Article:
“Leo Strauss: Ancients and Moderns” - The problem with being a politically committed writer such as Himmelfarb is that you wind up aligning with thinkers who often aren’t very good.  But because they’re on your side (or at least you think they are) you stick by them for the sake of the movement, or the cause, or the revolution, or the counter-revolution, etc.  It’s sort of like being the manager of a sports team; certain people are on the roster whether you like it or not and you’ve got to play them.  Well if you’re a neocon the number one piece of deadwood on your team is Leo Strauss.  Richard Rorty once commented that it’s a great day in a person’s intellectual development when they realize that Thus Spoke Zarathustra is total crap.  The same principle applies to Strauss.  It is a good day when one moves beyond him.  Yes, he was an outstanding scholar and Himmelfarb rightly celebrates the pure intellectual joy of reading him explicate a text.  But Strauss’s belief, derived from Plato, that philosophy unearths eternal human truths (truths which, it should be noted, Strauss and his neocon acolytes have never illuminated for us) is complete nonsense.  It won’t survive five minutes of critical thought.  One’s first encounter with Plato can be an exhilarating and head-turning experience.  That old Greek was the wiliest of intellectual seducers.  And when he first glances your way and bats his eyes at you (“How do you like my Realm of the Forms?” he coos), you may go a little gaga.  But you'll get over it.  Leo, though, never did.  He went completely gaga, and never broke free from the Platonic belief (or, more accurately, delusion) that only philosophers can disclose The Truth to us.  He believed in Plato, and to do so after two and a half millennia requires a special kind of stupid.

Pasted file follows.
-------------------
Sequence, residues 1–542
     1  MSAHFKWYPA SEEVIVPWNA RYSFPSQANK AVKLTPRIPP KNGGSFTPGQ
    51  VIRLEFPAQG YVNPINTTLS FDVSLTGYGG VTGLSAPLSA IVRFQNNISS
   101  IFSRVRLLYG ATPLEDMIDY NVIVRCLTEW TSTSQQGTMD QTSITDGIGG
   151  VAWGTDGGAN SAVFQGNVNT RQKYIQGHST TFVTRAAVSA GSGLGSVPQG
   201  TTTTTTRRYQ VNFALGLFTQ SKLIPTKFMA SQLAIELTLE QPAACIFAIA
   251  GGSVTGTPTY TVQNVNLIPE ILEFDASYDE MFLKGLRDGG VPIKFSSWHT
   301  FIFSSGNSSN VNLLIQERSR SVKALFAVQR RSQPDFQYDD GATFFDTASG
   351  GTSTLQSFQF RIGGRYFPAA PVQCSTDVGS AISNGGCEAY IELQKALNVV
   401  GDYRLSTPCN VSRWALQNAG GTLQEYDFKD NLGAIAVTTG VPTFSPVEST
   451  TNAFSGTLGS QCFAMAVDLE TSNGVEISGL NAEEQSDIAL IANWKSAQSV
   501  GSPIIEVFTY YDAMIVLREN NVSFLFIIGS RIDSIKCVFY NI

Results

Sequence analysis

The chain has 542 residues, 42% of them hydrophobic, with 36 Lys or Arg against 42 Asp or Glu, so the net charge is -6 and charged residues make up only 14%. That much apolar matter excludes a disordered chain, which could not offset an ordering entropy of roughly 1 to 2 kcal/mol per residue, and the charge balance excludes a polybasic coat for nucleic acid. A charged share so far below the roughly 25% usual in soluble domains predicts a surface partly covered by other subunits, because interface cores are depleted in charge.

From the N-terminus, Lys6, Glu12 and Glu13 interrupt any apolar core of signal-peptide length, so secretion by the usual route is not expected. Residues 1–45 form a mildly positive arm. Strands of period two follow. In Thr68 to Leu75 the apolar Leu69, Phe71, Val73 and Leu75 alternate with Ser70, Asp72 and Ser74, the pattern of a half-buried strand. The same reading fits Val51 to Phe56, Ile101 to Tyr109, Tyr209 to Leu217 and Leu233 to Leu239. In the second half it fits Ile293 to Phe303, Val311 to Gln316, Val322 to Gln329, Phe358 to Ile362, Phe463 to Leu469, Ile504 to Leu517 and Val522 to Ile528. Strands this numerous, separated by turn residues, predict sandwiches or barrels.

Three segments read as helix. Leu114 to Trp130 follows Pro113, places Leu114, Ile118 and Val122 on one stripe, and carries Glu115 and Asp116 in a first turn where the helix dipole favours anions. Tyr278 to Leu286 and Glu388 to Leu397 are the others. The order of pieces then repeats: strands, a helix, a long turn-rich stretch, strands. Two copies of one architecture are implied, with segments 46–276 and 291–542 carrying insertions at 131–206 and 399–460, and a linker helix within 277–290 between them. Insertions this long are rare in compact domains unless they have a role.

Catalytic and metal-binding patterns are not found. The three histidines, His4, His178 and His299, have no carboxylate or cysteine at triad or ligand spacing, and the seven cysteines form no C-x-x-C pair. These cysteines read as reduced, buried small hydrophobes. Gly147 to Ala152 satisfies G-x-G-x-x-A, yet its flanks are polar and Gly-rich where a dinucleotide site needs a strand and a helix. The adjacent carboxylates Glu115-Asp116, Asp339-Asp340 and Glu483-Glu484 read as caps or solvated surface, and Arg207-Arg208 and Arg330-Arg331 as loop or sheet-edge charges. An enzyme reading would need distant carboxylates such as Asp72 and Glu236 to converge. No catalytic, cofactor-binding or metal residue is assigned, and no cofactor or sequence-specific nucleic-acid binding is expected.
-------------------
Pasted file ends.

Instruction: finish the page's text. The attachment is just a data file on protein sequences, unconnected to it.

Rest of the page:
“William James: Once-Born and Twice-Born” -  A good piece.  Many of these chapters first appeared as articles in The Weekly Standard.  They deal with current events but Himmelfarb brings a welcome sense of historical perspective to the issue.  In general, she acquits herself well.  In this instance she contrasts the “militancy” of the so-called New Atheists (Hitchens, Dawkins, Harris, etc.) with the nuanced and insightful stance toward religion put forward by William James.  If you’re a newly-minted conservative and would like to deepen your understanding of conservative principles and intellectual history in general, you will find this book very informative.